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progree

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Gender: Male
Hometown: Minnesota
Member since: Sat Jan 1, 2005, 04:45 AM
Number of posts: 7,072

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Warren Buffett's favorite stock market indicator reaches internet bubble extreme

Warren Buffett's favorite stock market indicator reaches internet bubble extreme , Yahoo Finance, 8/20/20

The ‘Buffett Indicator’ as it’s called in Wall Street circles — which takes the Wilshire 5000 Index (viewed as the total stock market) and divides it by the annual U.S. GDP — is at its highest level since before the internet bubble crash in 2000. Currently, the ratio of 1.7 is some 70% above its historical average of one.

Back before the internet stock crash, Current Market Valuation points out the ratio stood at 1.71 — or the market being 71% overvalued.

“Normally, this ratio is around 1, meaning that total market cap of all U.S. stocks generally equals annual U.S. GDP. When stocks are considered to be fundamentally overvalued, the ratio increases to 1.3 (so total stock market capitalization is 30% larger than U.S. GDP),” explains Sevens Report Research founder Tom Essaye.

More: https://finance.yahoo.com/news/warren-buffetts-favorite-stock-market-indicator-reaches-internet-bubble-extreme-165447233.html


In short, currently it's virtually at the same level, 1.70, as it was before the dot com crash, 1.71

I've never been a big fan of valuation measures of the market since all the well-known ones, including the Buffett indicator, ignore the interest rates that one can earn on fixed income investments like bonds, which compete with stocks. Interest rates today are lower now (and that was true too pre-Covid) than they were back in 2000 and 2007 before the big crashes. People naturally gravitate towards stocks more than they did in the past, unwilling to settle for 2% on bonds.

However, the valuation metrics are getting rather extreme, and I can't just blow them off forever. Particularly since the low interest rates are deliberately artificial -- by the Fed reducing the Fed Funds rate to zero, and by buying massive quantities of both Treasury bonds and corporate bonds to push their prices up (and thus their yields down).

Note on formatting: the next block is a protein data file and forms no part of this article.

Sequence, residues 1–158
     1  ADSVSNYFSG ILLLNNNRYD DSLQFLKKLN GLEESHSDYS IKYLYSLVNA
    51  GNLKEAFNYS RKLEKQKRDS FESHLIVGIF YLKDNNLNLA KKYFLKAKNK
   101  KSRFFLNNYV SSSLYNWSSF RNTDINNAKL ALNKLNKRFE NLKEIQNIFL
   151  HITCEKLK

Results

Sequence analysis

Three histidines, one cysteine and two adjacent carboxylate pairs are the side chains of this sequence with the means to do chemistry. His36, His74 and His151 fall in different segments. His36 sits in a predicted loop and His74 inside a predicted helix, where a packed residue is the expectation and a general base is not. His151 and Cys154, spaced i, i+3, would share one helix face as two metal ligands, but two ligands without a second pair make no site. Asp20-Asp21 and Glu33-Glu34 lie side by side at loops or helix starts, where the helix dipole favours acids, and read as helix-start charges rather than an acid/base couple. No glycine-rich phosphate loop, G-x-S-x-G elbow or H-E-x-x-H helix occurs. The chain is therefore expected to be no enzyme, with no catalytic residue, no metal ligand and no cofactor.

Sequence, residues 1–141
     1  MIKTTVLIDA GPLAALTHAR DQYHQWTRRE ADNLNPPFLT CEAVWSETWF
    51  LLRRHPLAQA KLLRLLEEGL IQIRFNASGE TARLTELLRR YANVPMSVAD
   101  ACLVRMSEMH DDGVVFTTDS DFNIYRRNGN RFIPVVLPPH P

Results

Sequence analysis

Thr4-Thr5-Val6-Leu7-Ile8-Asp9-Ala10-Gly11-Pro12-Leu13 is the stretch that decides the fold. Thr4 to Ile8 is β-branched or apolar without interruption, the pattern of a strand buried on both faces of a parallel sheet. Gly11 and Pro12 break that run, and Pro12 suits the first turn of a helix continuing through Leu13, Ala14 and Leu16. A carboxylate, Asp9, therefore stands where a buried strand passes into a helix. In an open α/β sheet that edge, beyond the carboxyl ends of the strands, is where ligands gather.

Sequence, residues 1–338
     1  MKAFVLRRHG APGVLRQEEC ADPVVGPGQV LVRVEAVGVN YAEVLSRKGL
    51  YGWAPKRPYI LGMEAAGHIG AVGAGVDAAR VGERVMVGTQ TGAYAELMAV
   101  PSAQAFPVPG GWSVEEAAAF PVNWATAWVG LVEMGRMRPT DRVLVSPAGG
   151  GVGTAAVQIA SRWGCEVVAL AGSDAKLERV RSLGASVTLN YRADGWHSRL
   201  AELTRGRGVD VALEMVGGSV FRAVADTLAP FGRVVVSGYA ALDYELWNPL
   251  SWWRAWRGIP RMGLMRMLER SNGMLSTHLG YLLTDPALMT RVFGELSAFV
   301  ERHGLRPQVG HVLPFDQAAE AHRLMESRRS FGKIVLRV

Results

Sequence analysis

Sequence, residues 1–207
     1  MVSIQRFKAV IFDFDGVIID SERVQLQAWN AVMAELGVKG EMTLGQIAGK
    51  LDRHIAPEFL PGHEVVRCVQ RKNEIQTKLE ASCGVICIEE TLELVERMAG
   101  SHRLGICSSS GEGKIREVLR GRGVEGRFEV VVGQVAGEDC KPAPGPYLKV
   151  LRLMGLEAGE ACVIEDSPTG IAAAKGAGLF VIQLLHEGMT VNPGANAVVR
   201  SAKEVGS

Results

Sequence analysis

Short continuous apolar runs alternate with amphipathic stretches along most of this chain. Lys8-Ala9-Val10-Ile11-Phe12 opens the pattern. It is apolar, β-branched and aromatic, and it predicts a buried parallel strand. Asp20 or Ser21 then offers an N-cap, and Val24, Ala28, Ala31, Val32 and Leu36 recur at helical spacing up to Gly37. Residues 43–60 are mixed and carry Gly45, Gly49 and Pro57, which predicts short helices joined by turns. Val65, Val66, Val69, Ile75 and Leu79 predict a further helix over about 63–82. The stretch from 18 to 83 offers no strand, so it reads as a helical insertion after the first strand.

World's coal has been falling since 2013, albeit not in a straight line. 2019 lower by 3.3%

IEA: coal globally peaked in 2013, and has fallen since, albeit not in a straight line: there were small increases in 2017 and 2018
https://www.iea.org/data-and-statistics/charts/world-coal-consumption-1978-2019

In Mtce (millions of tons of coal equivalent)

1980: 2524
2000: 3328
2013: 5591 - peak
2016: 5349 - down 242 from 2013
2017: 5399 - up 50 over previous year
2018: 5433 - up 34 over previous year
2019: 5407 - latest from this source - down 26 from previous year
Down 3.3% from 2013 but way far higher than 1980 and 2000

The business model for carbon capture is broken - biggest use of captured carbon is now uneconomical

The business model for carbon capture is broken, Quartz, 8/13/20

In the months since the pandemic cratered the price of oil, the financial fallout has spread from drilling companies to refineries and oilfield maintenance companies. Now the crash has claimed another, more unlikely victim: The only system built to capture carbon emissions from a coal plant in the US, one of only two worldwide.

... But on July 28, E&E News broke the story that the facility has been shuttered since May. And while the plant’s owners have said they plan to get it running again once the economy improves, Petra Nova’s shutdown exposes the weird market dynamics that could threaten the sustainability of carbon capture facilities in progress around the world.

... The trouble is, there’s not a whole lot you can do with the CO2 after you capture it. That makes the economic case for installing a big, expensive piece of equipment a bit shaky.

... the use with the greatest market potential today is, ironically for a climate project, oil drilling. That’s what Petra Nova went after.

So-called “enhanced oil recovery” (EOR) projects inject CO2 into oil wells to shake loose the dregs stuck in subterranean rocky pores.

... In order to operate, the system requires oil prices of at least $75 per barrel. Otherwise, it’s not worth the oil company’s money to bother purchasing CO2 for EOR. Even before the pandemic, the oil price was around $60; after briefly dipping below zero in April, it’s now around $40. Few experts expect the price to return to pre-pandemic levels anytime soon, if ever.
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